Trevor Lawrence: Man of Faith
While this year’s NFL draft drew national network coverage and hoopla galore, a story that remained in the background concerned the faith of #1 pick Trevor Lawrence.
I learned of it after the first round, when a Christian news service ran a story under the headline: “The community that helped build Trevor Lawrence.”
It told of the new Jacksonville Jaguars’ quarterback growing up at Tabernacle Baptist Church in Cartersville, Georgia, located about 40 miles north of Atlanta.
“Trevor was blessed to be around a lot of good, Christian people in Cartersville,” said longtime Lawrence family friend, Jay Mayo. “My dad was a high school coach for 36 years and was around a lot of people like Joey (King, then Cartersville’s coach).
“I saw what a Christian man should be when I was around them. God uses those circumstances, and when I look back on the people that God put in Trevor’s life, I see the results today.”
I realize that headlining a well-known figure’s faith constantly could quickly grow tiresome. Yet it’s interesting that of all the coverage that has swirled around the former Clemson star in recent years, this is the first time I read of the influence God had on his life.
It seems that faith exists in a kind of media blackout, a private matter: “That’s fine if you feel that way, but don’t bother us with it.”
Yet, faith is often the reason the person is where they are today, doing what they are doing, and succeeding at their pursuits.
Interestingly, Trevor Lawrence isn’t the only person from Cartersville whose faith influenced their life.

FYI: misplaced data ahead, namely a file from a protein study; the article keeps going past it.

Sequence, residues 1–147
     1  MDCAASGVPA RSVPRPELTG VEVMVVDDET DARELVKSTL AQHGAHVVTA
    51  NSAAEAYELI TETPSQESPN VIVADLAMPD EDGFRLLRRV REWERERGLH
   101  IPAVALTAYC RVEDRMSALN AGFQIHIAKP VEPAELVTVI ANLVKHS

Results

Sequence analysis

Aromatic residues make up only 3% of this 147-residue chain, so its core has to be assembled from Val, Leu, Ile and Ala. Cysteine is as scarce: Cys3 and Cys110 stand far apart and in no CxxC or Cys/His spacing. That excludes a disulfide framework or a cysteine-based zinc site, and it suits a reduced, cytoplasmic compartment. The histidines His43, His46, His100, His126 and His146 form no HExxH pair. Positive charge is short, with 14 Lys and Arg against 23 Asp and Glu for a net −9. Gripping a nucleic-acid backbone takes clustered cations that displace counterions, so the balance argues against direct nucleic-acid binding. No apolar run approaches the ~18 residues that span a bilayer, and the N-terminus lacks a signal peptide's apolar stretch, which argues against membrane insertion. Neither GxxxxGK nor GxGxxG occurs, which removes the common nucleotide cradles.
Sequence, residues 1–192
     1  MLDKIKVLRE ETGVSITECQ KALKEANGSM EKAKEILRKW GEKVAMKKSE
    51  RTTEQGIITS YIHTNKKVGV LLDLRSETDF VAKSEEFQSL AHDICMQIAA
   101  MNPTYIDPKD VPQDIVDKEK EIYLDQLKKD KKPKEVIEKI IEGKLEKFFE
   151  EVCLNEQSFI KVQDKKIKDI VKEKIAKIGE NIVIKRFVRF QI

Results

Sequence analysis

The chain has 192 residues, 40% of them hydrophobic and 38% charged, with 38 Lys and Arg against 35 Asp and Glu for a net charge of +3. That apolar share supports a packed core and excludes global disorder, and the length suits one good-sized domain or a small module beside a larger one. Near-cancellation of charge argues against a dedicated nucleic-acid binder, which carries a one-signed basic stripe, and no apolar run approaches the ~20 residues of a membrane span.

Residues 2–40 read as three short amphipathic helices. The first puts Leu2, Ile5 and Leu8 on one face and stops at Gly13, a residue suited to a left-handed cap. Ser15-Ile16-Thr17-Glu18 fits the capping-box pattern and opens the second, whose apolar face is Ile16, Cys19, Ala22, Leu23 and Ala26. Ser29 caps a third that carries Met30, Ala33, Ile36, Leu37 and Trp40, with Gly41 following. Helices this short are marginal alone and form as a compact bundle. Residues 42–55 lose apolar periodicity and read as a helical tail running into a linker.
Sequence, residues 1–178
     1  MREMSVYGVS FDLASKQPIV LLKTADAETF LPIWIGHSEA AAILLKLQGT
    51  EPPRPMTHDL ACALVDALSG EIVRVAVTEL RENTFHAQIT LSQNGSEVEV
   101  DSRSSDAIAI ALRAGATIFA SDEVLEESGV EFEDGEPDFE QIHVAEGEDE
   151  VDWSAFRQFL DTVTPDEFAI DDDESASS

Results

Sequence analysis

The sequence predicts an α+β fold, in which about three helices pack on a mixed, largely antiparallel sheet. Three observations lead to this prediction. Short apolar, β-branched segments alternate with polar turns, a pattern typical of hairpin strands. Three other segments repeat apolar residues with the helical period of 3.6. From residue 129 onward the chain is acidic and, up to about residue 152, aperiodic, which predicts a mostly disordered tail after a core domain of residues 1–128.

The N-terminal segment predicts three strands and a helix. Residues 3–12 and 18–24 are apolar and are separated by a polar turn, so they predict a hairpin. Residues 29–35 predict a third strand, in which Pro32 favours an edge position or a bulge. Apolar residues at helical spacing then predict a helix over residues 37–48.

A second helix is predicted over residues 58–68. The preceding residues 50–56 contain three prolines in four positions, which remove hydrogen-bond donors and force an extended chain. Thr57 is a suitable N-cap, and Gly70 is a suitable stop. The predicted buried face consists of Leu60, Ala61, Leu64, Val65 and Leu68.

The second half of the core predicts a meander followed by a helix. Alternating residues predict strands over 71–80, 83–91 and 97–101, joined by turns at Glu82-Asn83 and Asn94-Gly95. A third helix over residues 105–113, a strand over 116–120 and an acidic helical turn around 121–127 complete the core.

Message from God
More than 30 years ago, I ghosted the testimony of the late musician and songwriter Jackey Beavers, then an executive assistant to Gov. Joe Frank Harris.
His faith was so important to him that in his evening hours, he pastored a small church that held its midweek service at the courthouse in Cartersville.
My wife and I had the chance to stop and visit one Wednesday en route to see our daughter and son-in-law, then stationed at an Army base in Alabama.
It was the only time I met Beavers in person, stop by his house, and see the gold record hanging in his living room. He received it for coauthoring “Someday We’ll Be Together,” which he recorded in 1961 and became a megahit for Diana Ross & The Supremes in 1969.
In addition, we were blessed after the Bible study when Beavers handed me about $65, saying they had taken a small offering to help us with our trip.
The money came in quite handy when our car developed starting troubles after we got to Alabama. We used it to buy new sparkplugs and a distributor cap.
Thinking about this brought back such fond memories that I dug into my clipping notebooks to re-read Beavers’ story. It reminded me of how Beavers had been involved in the nightclub business, but after several signs from God, he gave his interest to his brother and walked away.
Another Faith Story
As with Trevor Lawrence’s faith, stories like this go largely untold. Ironically, the week after I read about Lawrence, I saw a story in a Christian magazine about the wife of the late Chadwick Boseman. She spotlighted her husband’s faith when accepting a Golden Globe award for his work in Ma Rainey’s Black Bottom.
Once again, despite the Black Panther’s star’s acclaim, it was the first time I had ever read about Boseman’s faith. Such things always shine a different light on reality.